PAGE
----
<em>New York Times</em> Says Happy Birthday To America With Most <em>New York Times</em> Hot-Dog Tasting Ever

New York Times Says Happy Birthday To America With Most New York Times Hot-Dog Tasting Ever

It’s almost 4th of July. What better way to celebrate than to taste a bunch of hot dogs and confirm every preconceived notion anyone outside your immediate circle has about you?

That’s what The New York Times did with its first blind tasting of this staple of American cook-outs. Let’s start with the defensive opening to this endeavor:

The New York Times Food department hasn’t taken a close look at hot dogs in some time.

No kiddin’. But hot dogs are different now, you see. Better! So, The New York Times shall favor them with its gaze once again.

Back when hot dogs were on every list of foods to avoid — alarming additives, questionable cuts, salt and fat galore — home cooks didn’t want to know too much about what was in them.

But cooks are different now, and so are hot dogs. We want to know that what we’re eating is as good as it can be. Hot dogs are made from better ingredients, with fewer additives.

Whew. If Kobayashi gave this much preamble to a pig-in-a-blanket, he’d never have won a thing.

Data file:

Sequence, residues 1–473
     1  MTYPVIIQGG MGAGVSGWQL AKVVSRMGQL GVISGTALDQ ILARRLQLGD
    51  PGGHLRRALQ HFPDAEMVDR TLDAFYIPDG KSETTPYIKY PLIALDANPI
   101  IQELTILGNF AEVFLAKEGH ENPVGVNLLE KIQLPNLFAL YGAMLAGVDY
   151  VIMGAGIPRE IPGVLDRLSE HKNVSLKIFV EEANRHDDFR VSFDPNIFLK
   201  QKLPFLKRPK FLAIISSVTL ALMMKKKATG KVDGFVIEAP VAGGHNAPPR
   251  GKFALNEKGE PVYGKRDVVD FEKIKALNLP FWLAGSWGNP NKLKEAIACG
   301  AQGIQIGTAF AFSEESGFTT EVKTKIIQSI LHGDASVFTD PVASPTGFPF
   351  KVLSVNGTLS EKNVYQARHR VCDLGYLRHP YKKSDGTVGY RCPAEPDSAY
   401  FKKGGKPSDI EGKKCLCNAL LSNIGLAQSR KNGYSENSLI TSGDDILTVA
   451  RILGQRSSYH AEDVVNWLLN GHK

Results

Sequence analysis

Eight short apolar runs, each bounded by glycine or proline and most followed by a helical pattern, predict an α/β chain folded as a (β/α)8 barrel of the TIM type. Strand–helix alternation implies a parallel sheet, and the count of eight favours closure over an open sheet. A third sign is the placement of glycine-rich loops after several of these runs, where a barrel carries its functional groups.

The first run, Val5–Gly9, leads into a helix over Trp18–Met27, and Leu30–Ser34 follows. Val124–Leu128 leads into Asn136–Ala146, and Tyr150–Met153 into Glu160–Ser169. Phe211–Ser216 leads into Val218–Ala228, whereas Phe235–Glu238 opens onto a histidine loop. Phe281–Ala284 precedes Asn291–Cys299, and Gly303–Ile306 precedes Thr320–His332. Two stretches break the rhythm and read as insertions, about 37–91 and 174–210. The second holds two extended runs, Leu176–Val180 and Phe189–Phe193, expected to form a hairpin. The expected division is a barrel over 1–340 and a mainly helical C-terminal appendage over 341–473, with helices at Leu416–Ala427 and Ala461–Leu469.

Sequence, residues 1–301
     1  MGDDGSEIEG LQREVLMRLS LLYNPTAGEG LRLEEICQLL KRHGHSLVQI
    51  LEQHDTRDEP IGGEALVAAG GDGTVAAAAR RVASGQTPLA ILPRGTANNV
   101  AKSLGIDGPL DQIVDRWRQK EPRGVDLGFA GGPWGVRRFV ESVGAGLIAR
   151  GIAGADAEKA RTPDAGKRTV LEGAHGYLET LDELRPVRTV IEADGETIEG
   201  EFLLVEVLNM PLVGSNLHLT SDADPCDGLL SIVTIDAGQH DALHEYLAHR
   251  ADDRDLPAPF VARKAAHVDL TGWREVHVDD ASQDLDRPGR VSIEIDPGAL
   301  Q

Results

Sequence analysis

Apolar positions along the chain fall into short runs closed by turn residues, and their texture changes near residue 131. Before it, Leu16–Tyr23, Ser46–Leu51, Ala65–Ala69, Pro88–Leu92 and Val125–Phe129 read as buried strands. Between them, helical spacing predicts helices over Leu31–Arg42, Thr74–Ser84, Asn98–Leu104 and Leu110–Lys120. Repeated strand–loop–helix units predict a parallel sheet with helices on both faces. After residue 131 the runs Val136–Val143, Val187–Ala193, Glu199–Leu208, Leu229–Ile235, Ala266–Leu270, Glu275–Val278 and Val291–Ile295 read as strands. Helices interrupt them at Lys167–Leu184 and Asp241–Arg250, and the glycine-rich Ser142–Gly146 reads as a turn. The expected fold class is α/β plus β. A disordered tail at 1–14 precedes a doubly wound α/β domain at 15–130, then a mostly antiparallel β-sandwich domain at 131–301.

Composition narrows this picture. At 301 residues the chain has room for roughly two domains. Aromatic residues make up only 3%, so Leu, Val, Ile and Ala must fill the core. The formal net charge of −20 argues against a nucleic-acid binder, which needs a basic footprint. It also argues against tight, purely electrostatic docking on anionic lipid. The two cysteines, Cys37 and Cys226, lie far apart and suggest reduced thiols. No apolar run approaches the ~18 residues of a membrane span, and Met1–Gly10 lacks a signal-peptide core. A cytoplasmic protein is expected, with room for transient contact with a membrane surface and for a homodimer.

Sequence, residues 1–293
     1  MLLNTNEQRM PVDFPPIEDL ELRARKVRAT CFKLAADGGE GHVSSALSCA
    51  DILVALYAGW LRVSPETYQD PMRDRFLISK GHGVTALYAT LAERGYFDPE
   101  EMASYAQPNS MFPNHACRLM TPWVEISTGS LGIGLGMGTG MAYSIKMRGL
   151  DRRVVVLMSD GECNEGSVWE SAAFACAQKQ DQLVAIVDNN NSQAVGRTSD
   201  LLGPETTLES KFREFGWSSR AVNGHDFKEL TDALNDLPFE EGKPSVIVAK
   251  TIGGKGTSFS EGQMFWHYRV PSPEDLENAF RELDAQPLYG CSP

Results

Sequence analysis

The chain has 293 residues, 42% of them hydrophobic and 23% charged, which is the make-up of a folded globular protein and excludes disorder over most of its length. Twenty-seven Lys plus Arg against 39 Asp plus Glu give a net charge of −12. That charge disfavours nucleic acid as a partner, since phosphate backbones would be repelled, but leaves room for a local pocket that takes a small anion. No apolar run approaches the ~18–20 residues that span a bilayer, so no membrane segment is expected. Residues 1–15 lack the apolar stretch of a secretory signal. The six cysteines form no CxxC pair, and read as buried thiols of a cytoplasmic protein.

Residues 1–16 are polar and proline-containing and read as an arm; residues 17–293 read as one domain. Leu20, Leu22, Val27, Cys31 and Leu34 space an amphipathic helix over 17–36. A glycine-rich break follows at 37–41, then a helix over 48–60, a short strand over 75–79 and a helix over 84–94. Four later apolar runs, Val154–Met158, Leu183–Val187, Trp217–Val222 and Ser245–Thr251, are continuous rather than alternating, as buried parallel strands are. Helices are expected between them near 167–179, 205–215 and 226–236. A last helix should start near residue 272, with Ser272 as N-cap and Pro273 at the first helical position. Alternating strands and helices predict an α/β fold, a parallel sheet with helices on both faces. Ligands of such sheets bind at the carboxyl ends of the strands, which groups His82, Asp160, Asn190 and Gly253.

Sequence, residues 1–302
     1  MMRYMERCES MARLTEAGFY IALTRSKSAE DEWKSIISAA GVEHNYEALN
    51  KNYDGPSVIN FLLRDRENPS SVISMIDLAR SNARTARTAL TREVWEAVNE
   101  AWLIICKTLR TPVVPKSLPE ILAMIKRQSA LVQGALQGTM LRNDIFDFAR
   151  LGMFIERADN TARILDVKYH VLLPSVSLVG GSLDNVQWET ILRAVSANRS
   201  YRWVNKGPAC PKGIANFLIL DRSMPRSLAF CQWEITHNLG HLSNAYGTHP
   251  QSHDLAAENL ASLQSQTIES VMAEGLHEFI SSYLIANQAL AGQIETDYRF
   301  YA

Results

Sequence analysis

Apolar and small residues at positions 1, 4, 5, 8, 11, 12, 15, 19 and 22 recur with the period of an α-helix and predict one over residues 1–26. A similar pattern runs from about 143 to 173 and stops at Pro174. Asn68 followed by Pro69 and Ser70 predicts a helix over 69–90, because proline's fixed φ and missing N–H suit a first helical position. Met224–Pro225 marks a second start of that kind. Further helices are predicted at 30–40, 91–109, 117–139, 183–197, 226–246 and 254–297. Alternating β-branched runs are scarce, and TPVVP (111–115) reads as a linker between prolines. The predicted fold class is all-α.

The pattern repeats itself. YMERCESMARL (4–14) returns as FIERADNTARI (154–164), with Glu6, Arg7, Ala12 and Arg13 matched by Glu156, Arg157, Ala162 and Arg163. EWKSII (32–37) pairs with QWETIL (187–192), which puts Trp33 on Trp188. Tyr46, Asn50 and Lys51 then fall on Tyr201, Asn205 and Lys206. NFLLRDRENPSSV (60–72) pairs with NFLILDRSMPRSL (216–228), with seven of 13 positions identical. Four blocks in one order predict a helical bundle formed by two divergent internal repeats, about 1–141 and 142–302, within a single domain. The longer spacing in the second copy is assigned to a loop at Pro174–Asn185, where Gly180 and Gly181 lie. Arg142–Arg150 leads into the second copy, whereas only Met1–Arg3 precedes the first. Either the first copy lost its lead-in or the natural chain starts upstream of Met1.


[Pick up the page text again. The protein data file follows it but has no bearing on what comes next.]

Up next, the judges:

And the judges? Some may say that enlisting three native New Yorkers — Sam Sifton, Melissa Clark and me — amounted to putting a thumb on the scale.

Some might say that. But surely it wouldn’t lead to a contest built on an elitist insularity that summarily excludes dogs with more broad appeal outside one city.

All-beef hot dogs are part of the city’s food DNA. (So are forcefully expressed opinions and a general skepticism about the food of Other Places.) Nationally popular pork-beef specimens like red hots, Vienna sausages, Coneys and weenies wouldn’t have a chance.

But the question became moot as I researched the contenders, and it quickly became clear that only all-beef franks could be invited to this event.

Well, at least they didn’t capitalize Other Places as if the whole of America and the frankfurters it consumes are separate and foreign. Oh, damn, they did.

I will not quibble with their criteria and tasting structure: Once with just dogs, for “seasoning, beefiness, snap, texture.” Once in the bun, with consistent condimentation, to “assess the melding of meat and bread, sweetness and spice, salt and juice that makes up a perfect hot dog.”

And the winner is…..

Wellshire Farms, a brand sold only at Whole Foods markets.

“Smoky, herby — is this fancy,” was one judge’s take. Yes. Yes, it is.

Annnnd, scene.

The Hebrew National came in second, at least, so we’ll give them some credit for that.

Happy birthday, America! If you enjoy only additive-free, all-beef hot dogs and live within several blocks of a Whole Foods, here’s the list for you!

Mary Katharine Ham is a senior writer at The Federalist.
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